A memo sent to all 32 teams yesterday said franchises could sell ads in game-day programs, on club-controlled radio and in stadiums. The casinos must be in a team's market. Under the altered policy, advertisers can't take bets on any sports other than horse and dog racing.
"We remain steadfast in our opposition to the proliferation of gambling on NFL games," Brian McCarthy, a spokesman for the NFL, said in an e-mail last night. "There is a distinction between accepting advertising in a limited fashion and gambling on the outcome of our games."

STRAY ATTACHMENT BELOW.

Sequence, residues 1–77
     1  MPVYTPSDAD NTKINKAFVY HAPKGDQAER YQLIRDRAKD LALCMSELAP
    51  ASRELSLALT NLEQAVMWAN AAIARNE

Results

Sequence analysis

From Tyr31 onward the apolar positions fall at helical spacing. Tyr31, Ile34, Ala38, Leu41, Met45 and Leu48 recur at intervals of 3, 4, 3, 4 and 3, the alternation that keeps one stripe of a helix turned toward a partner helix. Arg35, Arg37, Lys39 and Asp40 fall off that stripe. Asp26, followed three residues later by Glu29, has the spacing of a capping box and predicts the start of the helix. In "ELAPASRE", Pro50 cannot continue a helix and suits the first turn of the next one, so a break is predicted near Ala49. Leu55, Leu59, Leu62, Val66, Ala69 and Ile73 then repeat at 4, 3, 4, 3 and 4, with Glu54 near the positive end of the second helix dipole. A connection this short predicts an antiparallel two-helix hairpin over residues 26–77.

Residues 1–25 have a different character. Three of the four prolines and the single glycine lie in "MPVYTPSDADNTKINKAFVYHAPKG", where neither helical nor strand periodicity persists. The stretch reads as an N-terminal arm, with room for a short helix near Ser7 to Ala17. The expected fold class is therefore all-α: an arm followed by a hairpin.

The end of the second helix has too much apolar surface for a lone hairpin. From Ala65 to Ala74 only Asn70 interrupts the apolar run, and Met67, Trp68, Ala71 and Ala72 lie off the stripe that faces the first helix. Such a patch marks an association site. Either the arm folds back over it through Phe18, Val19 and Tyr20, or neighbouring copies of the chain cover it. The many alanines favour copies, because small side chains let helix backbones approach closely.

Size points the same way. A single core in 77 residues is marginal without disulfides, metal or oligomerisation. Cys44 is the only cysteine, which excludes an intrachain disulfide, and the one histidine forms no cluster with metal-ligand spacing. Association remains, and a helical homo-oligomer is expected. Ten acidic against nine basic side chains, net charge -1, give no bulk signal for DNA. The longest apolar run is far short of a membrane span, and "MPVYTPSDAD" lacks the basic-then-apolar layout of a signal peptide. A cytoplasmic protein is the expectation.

Other state-licensed gambling establishments will also be able to buy ads, the memo said. Players, coaches and other team and league employees are not allowed to appear in any of the ads or endorse the entities or their products.
Teams are already able to sell ads to horse and dog-racing tracks, municipal lotteries and off-track betting organizations that don't take wagers on sporting events.
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